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The venture builder as a bridge: the BP Launchpad model

The startups that CVC funds back are often too small to make a meaningful difference to the mother company. They need beefing up

By Alberto Onetti

Photo by Alex Azabache on Unsplash

What’s the role of a corporate venture building unit? Bridging the corporate venture fund to the mothership and its business lines. That’s the conclusion of a long and insightful chat I had a few weeks ago with Nacho Giménez, Managing Partner of BP Ventures, on Mind the Chat.

But let’s step back. BP Ventures is the CVC arm of BP, the UK oil and gas multinational that is currently pivoting to become an “integrated energy company”. The “evergreen” fund — launched in 2008 and boosted in 2017 as BP started its transition towards net zero — has invested over $700m since inception and is deploying $120-150m per year. (This is the investment run rate for a “state of the art” CVC — corporates can’t play the CVC game with only $10-20m.) As of today, BP Ventures has a portfolio of about 45 companies with an average investment ticket of $5-10m and has had 15 exits.

“Our portfolio companies are too small to make a change inside BP”

I asked Giménez how many of the portfolio companies BP had acquired. He answered: “Actually two, but not directly by BP, through Launchpad”.

The most interesting part was the second part of his answer. “Our portfolio companies are too small to make a change inside BP. They are not yet ready to be integrated inside BP. They need an intermediate step.”

Launchpad is that intermediate step. The venture builder, launched by BP less than two years ago, has the ambitious goal of “building five billion dollars of enterprise value by 2025”.

Launchpad defines itself as a “scaleup factory”. It works with mature startups rather than early-stage projects and helps them grow by injecting capital. Launchpad invests almost three-digit millions each year. It also provides resources from a team of 50 super-skilled people from very varied backgrounds and brokers connections to the mothership’s business units.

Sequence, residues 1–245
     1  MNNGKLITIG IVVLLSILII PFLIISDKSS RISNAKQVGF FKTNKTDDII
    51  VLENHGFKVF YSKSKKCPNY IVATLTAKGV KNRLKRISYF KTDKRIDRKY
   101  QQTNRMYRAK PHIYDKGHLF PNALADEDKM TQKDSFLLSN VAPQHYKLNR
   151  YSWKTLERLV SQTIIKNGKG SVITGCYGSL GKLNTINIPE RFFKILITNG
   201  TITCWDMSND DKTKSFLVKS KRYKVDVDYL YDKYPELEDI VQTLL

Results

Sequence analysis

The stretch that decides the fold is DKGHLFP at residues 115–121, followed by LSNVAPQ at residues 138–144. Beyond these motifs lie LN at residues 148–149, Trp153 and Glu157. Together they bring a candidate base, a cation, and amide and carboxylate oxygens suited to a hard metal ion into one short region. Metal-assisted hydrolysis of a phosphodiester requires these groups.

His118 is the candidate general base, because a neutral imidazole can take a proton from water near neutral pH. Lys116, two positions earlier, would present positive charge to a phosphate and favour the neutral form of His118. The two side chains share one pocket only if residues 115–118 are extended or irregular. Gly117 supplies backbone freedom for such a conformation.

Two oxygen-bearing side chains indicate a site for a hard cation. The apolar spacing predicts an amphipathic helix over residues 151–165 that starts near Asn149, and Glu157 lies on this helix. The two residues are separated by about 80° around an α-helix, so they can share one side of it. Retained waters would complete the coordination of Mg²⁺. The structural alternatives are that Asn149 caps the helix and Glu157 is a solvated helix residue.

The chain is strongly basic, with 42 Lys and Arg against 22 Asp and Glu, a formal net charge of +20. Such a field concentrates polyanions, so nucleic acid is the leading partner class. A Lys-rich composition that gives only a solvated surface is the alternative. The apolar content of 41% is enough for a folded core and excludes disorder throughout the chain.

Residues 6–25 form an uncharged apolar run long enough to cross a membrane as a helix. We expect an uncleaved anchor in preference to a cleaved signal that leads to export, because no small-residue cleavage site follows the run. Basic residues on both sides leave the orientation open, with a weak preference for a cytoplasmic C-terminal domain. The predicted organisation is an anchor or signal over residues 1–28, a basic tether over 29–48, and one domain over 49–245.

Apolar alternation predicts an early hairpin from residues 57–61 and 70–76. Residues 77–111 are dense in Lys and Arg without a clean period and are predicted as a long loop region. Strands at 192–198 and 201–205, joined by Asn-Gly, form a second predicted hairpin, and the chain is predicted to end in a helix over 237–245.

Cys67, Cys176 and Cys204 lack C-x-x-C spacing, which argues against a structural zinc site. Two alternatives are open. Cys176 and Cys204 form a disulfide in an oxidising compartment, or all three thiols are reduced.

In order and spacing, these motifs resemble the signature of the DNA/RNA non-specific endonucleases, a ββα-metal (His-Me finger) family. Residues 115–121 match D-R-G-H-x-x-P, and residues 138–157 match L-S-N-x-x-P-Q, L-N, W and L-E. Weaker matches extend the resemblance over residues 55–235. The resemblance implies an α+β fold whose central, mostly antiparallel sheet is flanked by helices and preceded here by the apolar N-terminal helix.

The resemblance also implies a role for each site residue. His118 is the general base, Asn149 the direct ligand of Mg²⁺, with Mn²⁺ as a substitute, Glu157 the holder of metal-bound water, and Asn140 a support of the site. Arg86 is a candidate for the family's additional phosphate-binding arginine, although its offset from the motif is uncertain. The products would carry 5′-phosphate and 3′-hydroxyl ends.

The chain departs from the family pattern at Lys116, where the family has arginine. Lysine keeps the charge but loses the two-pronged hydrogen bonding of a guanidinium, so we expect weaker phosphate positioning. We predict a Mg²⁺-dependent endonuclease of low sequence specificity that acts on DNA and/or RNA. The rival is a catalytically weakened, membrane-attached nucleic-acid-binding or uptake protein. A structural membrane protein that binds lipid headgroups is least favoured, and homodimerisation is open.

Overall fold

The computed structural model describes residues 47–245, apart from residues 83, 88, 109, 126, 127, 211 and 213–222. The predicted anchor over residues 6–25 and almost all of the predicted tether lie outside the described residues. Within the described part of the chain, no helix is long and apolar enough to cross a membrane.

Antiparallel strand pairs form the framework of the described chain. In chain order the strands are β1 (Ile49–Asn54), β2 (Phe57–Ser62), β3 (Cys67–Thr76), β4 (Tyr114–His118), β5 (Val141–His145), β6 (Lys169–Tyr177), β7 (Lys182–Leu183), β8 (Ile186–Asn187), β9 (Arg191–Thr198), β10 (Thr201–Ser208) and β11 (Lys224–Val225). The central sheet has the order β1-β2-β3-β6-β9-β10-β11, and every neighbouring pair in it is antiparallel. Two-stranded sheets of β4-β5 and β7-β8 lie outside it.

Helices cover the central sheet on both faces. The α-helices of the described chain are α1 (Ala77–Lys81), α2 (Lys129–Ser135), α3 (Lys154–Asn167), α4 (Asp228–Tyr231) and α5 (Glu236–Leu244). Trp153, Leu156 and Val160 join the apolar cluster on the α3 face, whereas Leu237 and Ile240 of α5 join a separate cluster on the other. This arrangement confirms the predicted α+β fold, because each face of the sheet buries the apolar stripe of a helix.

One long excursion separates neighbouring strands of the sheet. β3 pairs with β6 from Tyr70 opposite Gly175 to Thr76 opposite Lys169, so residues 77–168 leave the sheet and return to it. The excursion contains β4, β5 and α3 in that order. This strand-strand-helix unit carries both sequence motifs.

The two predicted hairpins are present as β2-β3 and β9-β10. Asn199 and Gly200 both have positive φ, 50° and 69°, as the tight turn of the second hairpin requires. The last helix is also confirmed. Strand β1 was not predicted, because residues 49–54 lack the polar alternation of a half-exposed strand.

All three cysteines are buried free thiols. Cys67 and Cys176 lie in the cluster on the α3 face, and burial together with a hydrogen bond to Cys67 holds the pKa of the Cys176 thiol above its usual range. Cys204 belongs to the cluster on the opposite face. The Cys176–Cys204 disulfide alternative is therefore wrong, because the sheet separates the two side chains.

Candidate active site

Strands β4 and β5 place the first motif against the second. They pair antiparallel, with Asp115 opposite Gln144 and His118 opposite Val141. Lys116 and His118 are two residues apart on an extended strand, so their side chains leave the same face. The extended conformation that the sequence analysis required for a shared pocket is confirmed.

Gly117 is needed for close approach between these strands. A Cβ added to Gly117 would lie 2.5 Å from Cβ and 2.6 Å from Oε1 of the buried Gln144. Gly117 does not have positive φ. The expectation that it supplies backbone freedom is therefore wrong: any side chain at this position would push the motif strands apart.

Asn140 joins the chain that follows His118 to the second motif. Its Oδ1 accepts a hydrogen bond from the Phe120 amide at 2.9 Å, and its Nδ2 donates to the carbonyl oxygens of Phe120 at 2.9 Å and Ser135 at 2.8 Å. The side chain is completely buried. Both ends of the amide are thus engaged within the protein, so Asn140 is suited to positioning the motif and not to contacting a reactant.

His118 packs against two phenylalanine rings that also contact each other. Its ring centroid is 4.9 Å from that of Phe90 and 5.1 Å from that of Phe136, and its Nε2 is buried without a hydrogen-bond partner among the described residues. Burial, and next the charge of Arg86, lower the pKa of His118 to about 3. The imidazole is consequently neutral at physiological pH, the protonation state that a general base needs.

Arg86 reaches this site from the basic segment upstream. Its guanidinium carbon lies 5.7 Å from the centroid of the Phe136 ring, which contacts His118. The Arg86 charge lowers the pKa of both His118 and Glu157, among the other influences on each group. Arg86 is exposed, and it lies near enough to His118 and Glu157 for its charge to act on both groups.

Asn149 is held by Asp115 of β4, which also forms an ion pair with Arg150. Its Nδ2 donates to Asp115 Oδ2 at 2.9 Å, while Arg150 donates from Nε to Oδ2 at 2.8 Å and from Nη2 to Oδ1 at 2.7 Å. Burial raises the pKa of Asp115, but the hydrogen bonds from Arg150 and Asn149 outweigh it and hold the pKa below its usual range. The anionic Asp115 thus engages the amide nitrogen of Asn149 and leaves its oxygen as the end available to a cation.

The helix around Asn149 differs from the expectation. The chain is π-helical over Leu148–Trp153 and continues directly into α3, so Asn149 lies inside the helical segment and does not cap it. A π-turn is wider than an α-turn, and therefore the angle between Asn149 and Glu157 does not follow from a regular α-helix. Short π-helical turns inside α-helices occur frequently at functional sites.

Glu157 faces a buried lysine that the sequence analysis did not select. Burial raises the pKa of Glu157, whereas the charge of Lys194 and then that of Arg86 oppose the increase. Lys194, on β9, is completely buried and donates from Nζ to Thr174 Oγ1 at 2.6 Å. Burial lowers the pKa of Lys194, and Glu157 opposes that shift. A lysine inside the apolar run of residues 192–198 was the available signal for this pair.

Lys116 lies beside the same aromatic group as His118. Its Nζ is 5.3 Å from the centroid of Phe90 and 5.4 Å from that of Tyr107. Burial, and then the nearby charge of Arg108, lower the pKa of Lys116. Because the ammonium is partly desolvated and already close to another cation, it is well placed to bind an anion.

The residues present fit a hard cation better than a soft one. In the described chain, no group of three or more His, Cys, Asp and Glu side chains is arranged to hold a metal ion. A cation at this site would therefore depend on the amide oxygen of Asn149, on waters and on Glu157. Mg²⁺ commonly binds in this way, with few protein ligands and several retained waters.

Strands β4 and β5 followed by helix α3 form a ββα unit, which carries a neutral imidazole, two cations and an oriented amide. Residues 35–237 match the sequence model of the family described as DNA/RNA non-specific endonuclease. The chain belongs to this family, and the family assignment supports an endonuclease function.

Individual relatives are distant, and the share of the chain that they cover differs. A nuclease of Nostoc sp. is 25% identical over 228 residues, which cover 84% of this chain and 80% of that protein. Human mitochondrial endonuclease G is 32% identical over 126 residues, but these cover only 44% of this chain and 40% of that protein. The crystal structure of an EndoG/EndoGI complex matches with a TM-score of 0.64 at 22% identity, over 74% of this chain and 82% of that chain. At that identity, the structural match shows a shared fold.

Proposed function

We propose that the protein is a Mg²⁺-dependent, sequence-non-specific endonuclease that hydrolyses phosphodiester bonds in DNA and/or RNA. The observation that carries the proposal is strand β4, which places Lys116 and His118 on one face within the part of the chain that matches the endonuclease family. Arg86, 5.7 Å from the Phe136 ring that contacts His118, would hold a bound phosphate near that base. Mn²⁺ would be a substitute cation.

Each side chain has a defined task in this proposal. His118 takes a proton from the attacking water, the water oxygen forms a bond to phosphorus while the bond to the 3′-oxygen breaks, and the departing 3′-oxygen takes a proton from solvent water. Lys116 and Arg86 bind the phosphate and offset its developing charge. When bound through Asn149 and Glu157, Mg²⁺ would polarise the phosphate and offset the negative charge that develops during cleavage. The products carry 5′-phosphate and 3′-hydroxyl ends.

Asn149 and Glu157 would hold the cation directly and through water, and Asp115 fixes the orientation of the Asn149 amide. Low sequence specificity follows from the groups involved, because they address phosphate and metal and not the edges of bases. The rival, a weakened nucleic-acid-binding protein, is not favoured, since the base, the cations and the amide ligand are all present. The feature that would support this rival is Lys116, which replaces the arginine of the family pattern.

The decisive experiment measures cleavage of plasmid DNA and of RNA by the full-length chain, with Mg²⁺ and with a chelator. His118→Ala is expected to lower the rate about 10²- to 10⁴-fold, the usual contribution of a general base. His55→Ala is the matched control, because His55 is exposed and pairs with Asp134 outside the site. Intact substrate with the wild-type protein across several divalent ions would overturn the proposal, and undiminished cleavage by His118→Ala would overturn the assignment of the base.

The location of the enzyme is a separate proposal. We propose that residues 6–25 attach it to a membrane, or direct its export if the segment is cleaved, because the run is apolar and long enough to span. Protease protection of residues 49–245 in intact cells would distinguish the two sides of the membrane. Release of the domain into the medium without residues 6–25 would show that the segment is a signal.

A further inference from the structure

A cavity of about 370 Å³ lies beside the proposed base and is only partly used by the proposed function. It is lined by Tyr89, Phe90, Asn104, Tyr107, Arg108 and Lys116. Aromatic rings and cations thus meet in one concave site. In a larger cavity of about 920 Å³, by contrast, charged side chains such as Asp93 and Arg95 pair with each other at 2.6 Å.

Most of the time Launchpad fast-tracks the early stage through acquisitions — the amounts are not disclosed, but realistic ballpark figures are in the $10-30m range. Examples include Fotech and Finite Carbon — these are the two BP Ventures portfolio company acquisitions that Giménez referred to — as well as Open Energi and ONYX InSight, which are not part of the CVC’s portfolio.

Startups are generally not a good fit for large companies, they need scaleups

Launchpad’s ultimate goal is to bring startups to a size that is compatible with a large corporate. Startups are generally not a good fit for large companies — they need scaleups with industrial and commercial-grade products.

To wrap up: the goal of a CVC is to spot and intercept startups with the potential to disrupt the mothership’s business. The goal of a venture builder is to help some of them reach the scale of operations required to make an impact. At least, this is the formula adopted by BP.

As discussed in a prior article, models are evolving as we speak and companies are experimenting with different approaches, including Wayra Builder by Telefonica, Airbus Scale, Enegas, Iberdrola Perseo Builder or SAP Venture Studio.

[Footnote: In this article, we are talking about corporates who aim to launch innovative businesses in adjacent or disruptive markets (so-called Horizon 2 and Horizon 3 innovation). If the goal is to onboard innovation closer to the core (Horizon 1), the venture-client model (corporates partnering with mature startups and scaleups) is a very widespread and effective solution.]

Alberto Onetti is chair of Mind the Bridge.

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